W4: Why we need culture and technology

I have always been intrigued by the shift from home birth to hospital birth, and why American culture is so insistent on having children in hospitals instead of at home. Especially in American culture it seems that we almost frown upon home births, seeing them as riskier. I have a unique view of this situation, because if it weren’t for modern medicine and my mother’s decision to have a cesarean section, I would not be alive today.

What I found really interesting about both the Inuit and Hmong’s birthing culture was the importance of a babies’ sex. For example, for the Inuit people the mother is separated from her child after giving birth for a certain length of time according to the sex of the baby (Gabriel, 2016). Hmong men would dig holes depending on a baby’s sex, for a girl the hole for the placenta would be under the parent’s beds and for a boy they would did a hole for the placenta in a place of great honor (Fadiman, 1997). Where birthing differences are strange to us, they are very significant to their own culture. The move from “regular” home birth to a more “medicalized” birth had heavy impacts on both cultures.

In the Inuit culture, policies forced all Inuit women to give birth by evacuation to hospitals in South Canada (Gabriel). This hurt many women who were still nursing a child (since Inuit women nurse their children for long periods of times) because they would have to leave 4 weeks before their due date and could stay up to 7 weeks away from their family. This also was a heavy financial burden since bringing another person with you was not covered. If there was a home emergency, women would need to fly back home on their own dime, only to return to give birth.

Hmong culture emphasized the importance of giving birth in the home. If women did not give birth at home, there were spiritual ramifications that would hurt the mother or child (Fadiman, 1997). The move to a medicalized childbirth, which came after fleeing their homeland due to communist militaries, greatly impacted their way of childbirth. The people believe that after death the soul travels back to its placenta’s burial place and must re-enter it in order to be reborn. In refugee camps, the placentas were burned despite the Hmong’s cultural need of them.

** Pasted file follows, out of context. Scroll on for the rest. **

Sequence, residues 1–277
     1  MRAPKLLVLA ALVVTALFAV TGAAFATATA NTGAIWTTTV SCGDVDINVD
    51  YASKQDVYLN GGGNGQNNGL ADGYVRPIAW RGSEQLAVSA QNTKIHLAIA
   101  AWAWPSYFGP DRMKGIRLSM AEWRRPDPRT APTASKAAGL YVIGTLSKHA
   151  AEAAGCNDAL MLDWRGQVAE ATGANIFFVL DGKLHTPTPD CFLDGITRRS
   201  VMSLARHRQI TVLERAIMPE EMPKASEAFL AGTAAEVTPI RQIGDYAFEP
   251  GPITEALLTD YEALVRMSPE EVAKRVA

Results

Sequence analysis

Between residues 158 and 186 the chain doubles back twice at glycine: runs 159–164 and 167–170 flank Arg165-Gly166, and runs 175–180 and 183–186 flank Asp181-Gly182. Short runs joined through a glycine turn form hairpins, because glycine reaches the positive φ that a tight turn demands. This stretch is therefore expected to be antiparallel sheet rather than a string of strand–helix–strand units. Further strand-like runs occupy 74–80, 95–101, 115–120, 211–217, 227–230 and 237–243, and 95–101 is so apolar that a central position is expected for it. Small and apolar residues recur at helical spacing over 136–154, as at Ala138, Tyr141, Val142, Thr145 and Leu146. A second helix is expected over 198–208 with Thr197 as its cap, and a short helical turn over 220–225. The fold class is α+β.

While I can understand why many though medicalized childbirth would help reduce childbirth-related complications, we didn’t consider the ethnic consequences. In both cases of the Hmong and Inuit, medicalization of childbirth created a distance between family members. There was no community surrounding the mother. I thought that this was the saddest effect of the medicalization.

I became increasingly interested the pros and cons of hospital births verses home births. I came across a journal article which found that planned home births were less expected to have the occurrence of lacerations, hemorrhaging, or infections and showed less incidents of babies born with a low birthweight, prematurely, or with need of ventilation. However, home births did tend to triple the neonatal mortality rate (Wax et al, 2010). Like most of my other blog posts, I’ve come to the conclusion that we need to balance culture with our new technologies. Women have given birth for centuries before hospitals were around, and though many lives were lost, I still feel that the emotional experience of birth is so spiritually significant that it cannot be sterilized to the point of what hospitals have made birth into today.

  1. Fadiman, Anne. The Spirit Catches You and You Fall Down: A Hmong Child, Her American Doctors, and the Collision of Two Cultures. New York: Farrar, Straus, and Giroux, (1997).
  2. Gabriel, Cynthia, Ph. D. “Inuit Birth: Reclaiming Birth Authority.” Lecture. (2016).
  3. Wax, Joseph R., F. Lee Lucas, Maryanne Lamont, Michael G. Pinette, Angelina Cartin, and Jacquelyn Blackstone. “Maternal and Newborn Outcomes in Planned Home Birth vs Planned Hospital Births: A Metaanalysis.” American Journal of Obstetrics and Gynecology 203, no. 3 (2010).

5 thoughts on “W4: Why we need culture and technology

  1. It definitely is interesting the way that we as Americans seem to want to see things medicalized. A lot of it I think comes from the way that we see illness: good stuff in, bad stuff out, and any ailments we come down with are a result of the environment around us. There isn’t much superstition as there is in more traditional cultures like the Hmong and Inuits. Statistics would also be a big reason that we choose to medicalize most of our biological processes. For example, the mortality rate of infants in the Inuit society (I believe) was about 50%, whereas the infant mortality rate here in the United States and in most countries that use western medicine is much lower. So statistically speaking, in childbirth and in illness altogether, western medicine accomplishes more check marks on paper. The idea that tears this argument down, however, is the fact that the check marks that are being filled in aren’t necessarily the same cross culturally. So I would be more accurate in saying that mechanically and physically, western bio medicine accomplishes more check marks than traditional medicine. There’s a lot of cool insight to how different people see the world, and medicine is one of the lenses that we can use to try and understand each other a little better. That’s why Anthropology is so cool! Wonderful post, thanks for sharing.